"Crazyace" Bouthiller on December 21, 2001
(VIA PLE133 based) motherboard
prices OR the motherboard
The board comes with an Award BIOS. One
feature found on this board is automatic processor
detection, which automatically stores parameters for the
processor in which the system is equipped with. This can
make things very easy, yet be a bit annoying to a more
experienced user. There are no settings in the BIOS for
changing FSB, multiplier, voltage, etc. Annoying, yes, but
letís remember that this board is not intended to be
overclocked. With that said, it worked flawlessly with a
couple of different chips I tried.
There is one cool feature found in the
bios that should add a little zip to your system. As with
most VIA chipset equipped Socket 370 motherboards, the
memory bus can be either raised or lowered by 33 MHz (DRAM
clock). This is intended to help out the poor Celeron by
letting the RAM run at a 100Mhz bus while the processor
chugs at 66Mhz (previous to 800Mhz models).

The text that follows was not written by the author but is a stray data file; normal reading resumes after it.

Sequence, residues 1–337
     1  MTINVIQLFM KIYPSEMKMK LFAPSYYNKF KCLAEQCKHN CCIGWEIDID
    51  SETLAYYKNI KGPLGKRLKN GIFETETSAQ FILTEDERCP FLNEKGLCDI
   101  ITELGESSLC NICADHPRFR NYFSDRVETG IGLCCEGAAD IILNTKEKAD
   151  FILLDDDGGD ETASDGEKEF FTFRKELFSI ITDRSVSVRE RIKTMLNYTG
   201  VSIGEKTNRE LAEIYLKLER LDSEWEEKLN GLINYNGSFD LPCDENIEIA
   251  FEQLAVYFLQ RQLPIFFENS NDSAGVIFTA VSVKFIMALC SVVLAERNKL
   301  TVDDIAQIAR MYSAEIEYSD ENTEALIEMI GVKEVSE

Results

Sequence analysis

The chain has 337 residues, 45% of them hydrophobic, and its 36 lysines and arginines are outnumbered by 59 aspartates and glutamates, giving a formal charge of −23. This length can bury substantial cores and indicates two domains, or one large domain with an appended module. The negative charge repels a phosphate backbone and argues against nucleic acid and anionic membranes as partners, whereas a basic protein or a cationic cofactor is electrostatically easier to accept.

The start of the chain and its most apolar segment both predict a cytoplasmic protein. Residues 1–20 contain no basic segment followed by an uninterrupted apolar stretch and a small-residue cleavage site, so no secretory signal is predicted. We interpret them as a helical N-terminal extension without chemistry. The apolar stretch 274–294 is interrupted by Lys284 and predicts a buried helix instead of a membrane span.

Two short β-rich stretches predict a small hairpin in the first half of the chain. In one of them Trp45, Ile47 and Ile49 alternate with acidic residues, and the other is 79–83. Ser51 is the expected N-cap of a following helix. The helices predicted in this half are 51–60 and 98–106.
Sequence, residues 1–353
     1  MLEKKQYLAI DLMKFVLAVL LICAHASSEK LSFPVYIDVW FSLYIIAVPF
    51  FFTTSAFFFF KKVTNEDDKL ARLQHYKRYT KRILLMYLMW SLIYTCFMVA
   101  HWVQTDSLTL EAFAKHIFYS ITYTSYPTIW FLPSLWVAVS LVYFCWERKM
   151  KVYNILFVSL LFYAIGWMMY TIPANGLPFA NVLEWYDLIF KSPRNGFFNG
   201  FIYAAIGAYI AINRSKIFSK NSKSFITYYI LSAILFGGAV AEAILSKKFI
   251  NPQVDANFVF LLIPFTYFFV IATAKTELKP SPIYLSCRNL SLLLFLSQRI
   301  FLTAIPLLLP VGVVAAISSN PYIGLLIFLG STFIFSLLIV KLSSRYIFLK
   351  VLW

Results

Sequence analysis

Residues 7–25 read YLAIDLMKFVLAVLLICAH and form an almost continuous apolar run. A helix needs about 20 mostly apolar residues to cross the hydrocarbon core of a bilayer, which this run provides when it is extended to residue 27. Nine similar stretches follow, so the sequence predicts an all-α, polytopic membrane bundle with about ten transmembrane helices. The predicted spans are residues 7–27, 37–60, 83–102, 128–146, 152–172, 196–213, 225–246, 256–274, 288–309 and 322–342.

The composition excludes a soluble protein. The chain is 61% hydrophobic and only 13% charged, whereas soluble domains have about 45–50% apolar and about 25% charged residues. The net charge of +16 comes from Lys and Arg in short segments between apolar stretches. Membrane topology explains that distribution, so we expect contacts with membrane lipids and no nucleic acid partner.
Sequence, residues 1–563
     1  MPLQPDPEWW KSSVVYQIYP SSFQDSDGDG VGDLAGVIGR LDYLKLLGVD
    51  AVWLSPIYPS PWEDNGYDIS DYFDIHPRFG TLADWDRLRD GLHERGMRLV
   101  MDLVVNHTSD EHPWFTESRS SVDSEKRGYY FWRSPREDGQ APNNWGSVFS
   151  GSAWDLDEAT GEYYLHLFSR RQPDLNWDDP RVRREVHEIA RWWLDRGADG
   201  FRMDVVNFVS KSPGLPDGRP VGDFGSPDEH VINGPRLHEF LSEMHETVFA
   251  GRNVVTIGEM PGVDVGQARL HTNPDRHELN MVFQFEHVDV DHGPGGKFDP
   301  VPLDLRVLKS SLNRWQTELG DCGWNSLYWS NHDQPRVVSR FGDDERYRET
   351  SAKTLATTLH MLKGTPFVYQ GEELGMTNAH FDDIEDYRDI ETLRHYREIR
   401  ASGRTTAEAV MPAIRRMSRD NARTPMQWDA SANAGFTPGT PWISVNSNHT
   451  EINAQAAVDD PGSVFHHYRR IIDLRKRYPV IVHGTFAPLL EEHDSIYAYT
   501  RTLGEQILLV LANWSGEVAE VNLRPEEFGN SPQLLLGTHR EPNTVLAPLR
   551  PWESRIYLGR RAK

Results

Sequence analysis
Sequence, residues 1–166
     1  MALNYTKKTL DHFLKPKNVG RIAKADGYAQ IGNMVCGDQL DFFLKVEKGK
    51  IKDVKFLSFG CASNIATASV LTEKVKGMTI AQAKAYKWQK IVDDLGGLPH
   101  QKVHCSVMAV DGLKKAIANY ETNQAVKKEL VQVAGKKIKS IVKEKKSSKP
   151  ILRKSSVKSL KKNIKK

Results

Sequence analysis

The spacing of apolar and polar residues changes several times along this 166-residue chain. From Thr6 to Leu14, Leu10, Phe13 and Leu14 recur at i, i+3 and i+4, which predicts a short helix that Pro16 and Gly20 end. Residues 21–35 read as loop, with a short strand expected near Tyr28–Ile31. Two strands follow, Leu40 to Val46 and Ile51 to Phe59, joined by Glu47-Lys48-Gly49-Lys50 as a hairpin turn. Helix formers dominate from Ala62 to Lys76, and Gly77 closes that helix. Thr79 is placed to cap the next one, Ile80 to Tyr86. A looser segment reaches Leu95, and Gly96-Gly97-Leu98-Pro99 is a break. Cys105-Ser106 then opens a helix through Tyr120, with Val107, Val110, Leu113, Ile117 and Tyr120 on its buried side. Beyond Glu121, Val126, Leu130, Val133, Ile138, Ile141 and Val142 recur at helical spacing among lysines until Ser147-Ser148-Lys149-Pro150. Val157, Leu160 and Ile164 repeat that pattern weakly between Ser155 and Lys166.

The mainboard is also equipped with
NOVUS. This basically provides you with direct access to
certain sub-menuís within the bios by using easy keys. A
quick example is during boot-up, if you depress CTRL+C you
will enter the clock settings menu. Or, pressing CTRL+P will
load up the performance default settings and restart. This
makes building systems relatively easy and quick when
familiar with the keys.
The only benchmarks I am going to
include are some SiSoft Sandra scores. Running games on this
system provided very low frame rates, which was pretty
expected. A faster chip could help to raise scores up a
little, possibly enough to play some games at 640x480.
Motocross Madness ran at about 20FPS at 640x480, which was
absolutely horrible. Anyways, here is what Sandra says:
Ouch, a little bit lower than expected.
Well, by now we already know that this is no speed demon.